South Africa has marked May Day since the beginning of the Twentieth Century, but observing Workers’ Day as a holiday is as young the country’s democracy.
SABC’s Nthakoana Ngatane explores how segregation also found its way into this all important day.
An 8-hour working day is not just a norm but a requirement for many workers. But it hasn’t always been like this, and for South Africa’s young democracy celebrating Workers Day, wasn’t always allowed.
In the 1800s the Federation of Organised Trade and Labour Unions in the United States of America and Canada resolved that eight hours should constitute a legal day’s labour. The day would begin on 1 May, 1886.
This changed after thousands of African workers organised their own May Day in 1928. This march dwarfed the small Labour Party’s gathering of white workers only.
On May Day in 1950, when the Communist Party of South Africa called for a strike to protest the Suppression of Communism Act, 18 people were killed in Soweto.
The African National Congress took over the planning for the day, and then called for a ‘Day of Mourning’ for those who died in the May Day strike. In 1985, 33 unions met at the University of Natal and the Congress of South African Trade Unions – Cosatu was officially established on 1 December, 1985.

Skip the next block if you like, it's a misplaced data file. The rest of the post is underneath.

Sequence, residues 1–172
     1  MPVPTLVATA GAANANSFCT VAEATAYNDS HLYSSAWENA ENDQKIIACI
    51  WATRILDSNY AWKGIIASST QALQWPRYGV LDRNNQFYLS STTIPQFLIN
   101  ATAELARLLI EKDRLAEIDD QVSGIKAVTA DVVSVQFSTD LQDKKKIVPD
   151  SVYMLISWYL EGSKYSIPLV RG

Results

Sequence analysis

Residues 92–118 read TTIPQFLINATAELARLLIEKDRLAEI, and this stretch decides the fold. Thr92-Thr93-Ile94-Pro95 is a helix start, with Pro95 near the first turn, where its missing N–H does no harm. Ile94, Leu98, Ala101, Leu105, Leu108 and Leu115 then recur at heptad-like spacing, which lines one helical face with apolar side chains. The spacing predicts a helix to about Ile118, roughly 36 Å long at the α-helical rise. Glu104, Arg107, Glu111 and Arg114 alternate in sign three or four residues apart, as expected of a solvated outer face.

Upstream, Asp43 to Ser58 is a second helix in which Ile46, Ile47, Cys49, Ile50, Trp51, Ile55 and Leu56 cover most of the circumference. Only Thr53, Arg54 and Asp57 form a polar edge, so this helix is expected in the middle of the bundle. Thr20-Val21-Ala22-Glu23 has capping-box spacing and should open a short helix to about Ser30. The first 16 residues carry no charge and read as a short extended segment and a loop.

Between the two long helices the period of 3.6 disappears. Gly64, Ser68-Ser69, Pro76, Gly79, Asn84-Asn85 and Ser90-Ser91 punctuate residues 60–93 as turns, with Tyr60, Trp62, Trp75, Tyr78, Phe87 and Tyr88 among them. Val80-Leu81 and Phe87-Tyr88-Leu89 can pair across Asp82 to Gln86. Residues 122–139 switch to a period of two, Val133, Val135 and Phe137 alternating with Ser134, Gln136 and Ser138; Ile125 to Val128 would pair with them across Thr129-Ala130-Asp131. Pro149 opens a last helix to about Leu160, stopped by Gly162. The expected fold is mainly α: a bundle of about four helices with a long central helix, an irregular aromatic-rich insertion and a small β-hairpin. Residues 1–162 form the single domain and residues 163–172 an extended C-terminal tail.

On the 100th anniversary of May Day in 1986, Cosatu demanded that May Day be recognised as a public holiday in South Africa- and called for a stay-away.
Over the years South Africa’s workers declared the day their public holiday and stayed away from work.
At the height of tensions leading to the first democratic elections – Nelson Mandela addressed May Day Celebrations in Kimberly in 1991.
A year after the 1994 elections, South Africa declared May Day a Public Holiday for the first time in 1995.
President Mandela addressed the celebrations for the last time before he stepped down in 1998. His successor would continue the tradition as part of recognition of the role played by Trade Unions, the Communist Party and other labour movements in the struggle against Apartheid.
President Kgalema Motlanthe’s May Day coincided with the election of his successor President Jacob Zuma who addressed May Day 2009 as President Elect.
In 2017 May Day highlighted workers’ power in the politics of the country and became a catalyst in the changing of the guard at Luthuli House and the Union Buildings.
This year Matamela Cyril Ramaphosa will address May Day as the President of the Republic.